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Fix Leaky Faucets

Large_fix_leaky_sinks

WHY DO THIS?


A leaky faucet that drips one drop per second will waste over 27,000 gallons of water in a single year. You probably wouldn’t let a leak go for a full year, but it certainly puts a new perspective on that dripping noise! Save some water and preserve your sanity by fixing any leaky faucets in your house.

30 MINUTES
MEDIUM

What You'll Need:

  • flathead screwdriver
  • Phillips screwdriver
  • crescent wrench
  • plumber’s grease
  • new O-ring (for compression sinks)
  • new sink cartridge (for cartridge sinks)
  • sponge
  • white vinegar
  • ceramic seals (for ceramic-disk faucets)

How To:

  1. 1

    Turn off the water to the sink. There is usually a local shutoff valve below your sink. Turn it clockwise to turn off your water. Note: If your faucet doesn’t have a local shutoff valve, you’ll need to turn off the supply of water to your entire house. Once the water is off, turn on the faucet to relieve any extra pressure.

  2. 2

    Plug the drain. You’re going to be removing small pieces of sink hardware, and the last thing you want to do is lose one down the drain! For extra protection, put a towel or rag overtop the open drain.

  3. 3
    Step_image_thumb_stem_valve_for_compression_sink

    For compression faucets. You can identify this type of faucet because it will always have two different handles – one for hot water and one for cold – and there will be a metal “stem” beneath the handles (see picture next to this step). If it has two handles but no stem, it isn’t a compression faucet. When this type of faucet leaks, a blown or damaged O-ring is almost always the culprit.

  4. 4

    Remove both the “hot” and “cold” faucet handle and set them aside in a safe place. Note: You may need to remove a screw on the side of the handle before you can remove it. In some models, this screw is located behind the handle’s cap (it often has a “hot” or “cold” label on it), which can be pried off with a flathead screwdriver.

  5. 5

    Underneath each handle, you should see a metal or plastic valve stem (it looks really similar to a tire valve). Using a crescent wrench, loosen the valve stem and then remove it. On the bottom of the piece you just removed, there should be a washer and an O-ring. Remove both of those from the stem.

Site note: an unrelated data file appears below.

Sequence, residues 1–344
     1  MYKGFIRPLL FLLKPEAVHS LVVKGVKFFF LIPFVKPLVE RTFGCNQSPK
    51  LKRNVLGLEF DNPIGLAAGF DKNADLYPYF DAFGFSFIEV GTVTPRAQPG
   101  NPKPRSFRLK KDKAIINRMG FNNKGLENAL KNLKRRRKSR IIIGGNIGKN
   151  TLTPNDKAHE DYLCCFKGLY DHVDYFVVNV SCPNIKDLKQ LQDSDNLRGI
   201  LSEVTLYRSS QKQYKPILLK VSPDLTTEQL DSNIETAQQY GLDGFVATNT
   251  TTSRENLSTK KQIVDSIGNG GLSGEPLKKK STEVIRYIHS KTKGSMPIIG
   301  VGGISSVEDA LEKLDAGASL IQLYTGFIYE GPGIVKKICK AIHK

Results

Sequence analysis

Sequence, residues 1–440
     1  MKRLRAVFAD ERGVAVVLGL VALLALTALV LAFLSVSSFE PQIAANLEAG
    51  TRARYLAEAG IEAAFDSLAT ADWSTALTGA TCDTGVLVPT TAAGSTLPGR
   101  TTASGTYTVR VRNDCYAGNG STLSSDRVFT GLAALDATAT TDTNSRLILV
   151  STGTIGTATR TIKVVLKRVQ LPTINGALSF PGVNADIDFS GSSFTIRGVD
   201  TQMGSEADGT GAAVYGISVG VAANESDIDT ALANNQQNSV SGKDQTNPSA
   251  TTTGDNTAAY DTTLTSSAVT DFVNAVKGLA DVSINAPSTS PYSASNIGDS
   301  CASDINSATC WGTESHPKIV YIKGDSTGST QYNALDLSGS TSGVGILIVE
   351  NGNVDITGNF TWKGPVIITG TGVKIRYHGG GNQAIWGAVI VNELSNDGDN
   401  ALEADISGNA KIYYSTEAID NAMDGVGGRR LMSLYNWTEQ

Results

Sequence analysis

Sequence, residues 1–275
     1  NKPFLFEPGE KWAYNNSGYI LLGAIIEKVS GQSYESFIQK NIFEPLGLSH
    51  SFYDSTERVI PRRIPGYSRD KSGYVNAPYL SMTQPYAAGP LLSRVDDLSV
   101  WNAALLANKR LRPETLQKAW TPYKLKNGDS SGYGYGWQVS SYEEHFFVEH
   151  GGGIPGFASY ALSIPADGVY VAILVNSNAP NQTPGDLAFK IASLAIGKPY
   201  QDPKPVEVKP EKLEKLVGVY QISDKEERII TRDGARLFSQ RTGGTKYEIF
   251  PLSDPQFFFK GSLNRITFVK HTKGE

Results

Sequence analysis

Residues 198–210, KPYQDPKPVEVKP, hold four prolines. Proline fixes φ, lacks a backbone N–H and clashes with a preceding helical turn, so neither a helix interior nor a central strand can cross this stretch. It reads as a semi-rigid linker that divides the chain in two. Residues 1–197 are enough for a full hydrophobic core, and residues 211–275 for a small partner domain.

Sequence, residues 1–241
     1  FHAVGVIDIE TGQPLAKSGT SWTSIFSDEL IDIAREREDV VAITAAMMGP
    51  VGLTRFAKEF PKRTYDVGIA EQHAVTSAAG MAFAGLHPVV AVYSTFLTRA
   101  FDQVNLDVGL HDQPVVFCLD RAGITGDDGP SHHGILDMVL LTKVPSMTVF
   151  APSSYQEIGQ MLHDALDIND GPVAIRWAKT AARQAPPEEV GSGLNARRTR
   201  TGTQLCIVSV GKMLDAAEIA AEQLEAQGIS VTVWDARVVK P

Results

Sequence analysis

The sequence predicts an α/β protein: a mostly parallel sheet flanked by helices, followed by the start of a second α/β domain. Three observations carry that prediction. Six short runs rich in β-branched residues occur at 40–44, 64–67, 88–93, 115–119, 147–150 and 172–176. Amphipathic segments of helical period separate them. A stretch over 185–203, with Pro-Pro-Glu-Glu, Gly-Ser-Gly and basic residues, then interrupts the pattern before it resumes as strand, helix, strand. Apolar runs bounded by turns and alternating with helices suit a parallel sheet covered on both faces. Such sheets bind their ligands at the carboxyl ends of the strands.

6. 6

    Apply a little bit of plumber’s grease to the bottom of the stem, and then add your new O-ring. Then reassemble everything in reverse order.

  7. 7
    Step_image_thumb_cartridge_faucet

    For cartridge faucets. You can identify this type of faucet by the cartridge beneath the handle (see picture next to this step). When this type of faucet leaks, you generally need to replace the cartridge or the O-ring around the cartridge.

  8. 8

    Remove the handle or handles from your sink. Note: You may need to remove a screw on the side of the handle before removing the handle. In some models, this screw is located behind the handle’s cap (it often has a “hot” or “cold” label on it), which can be pried off with a flathead screwdriver.

  9. 9

    Using your crescent wrench, remove the retaining clip (or sometimes a retaining nut) that holds the base of your cartridge in place. If the cartridge is damaged, it needs to be replaced with a new one. If just the O-ring is damaged, simply replace it and reassemble the parts in reverse order.

  10. 10
    Step_image_thumb_ceramic-disk_faucet

    For ceramic-disk faucets. You can identify this type of faucet by the ceramic cylinder beneath the handle (see picture next to this step). When this type of faucet leaks, there is usually wear-and-tear on the seal around the bottom of the disk cylinder.

  11. 11

    Remove the handle or handles from your sink. Note: You may need to remove a screw on the side of the handle before removing the handle. In some models, this screw is located behind the handle’s cap (it often has a “hot” or “cold” label on it), which can be pried off with a flathead screwdriver.

  12. 12

    Use a crescent wrench to remove the mounting screws or retaining nut around the base of the cylinder. Then pull the cylinder out of the faucet.

  13. 13

    Use a screwdriver to pry off the seal, which will be a black rubber disc wrapped around the base of the cylinder.

  14. 14

    Clean off any buildup near the openings of the cylinder using a sponge and white vinegar. Put your new seal in place and reassemble the faucet in reverse order. Note: When you turn your water on again, activate your faucet very slowly – if you turn it on too fast it may crack the ceramic disk!

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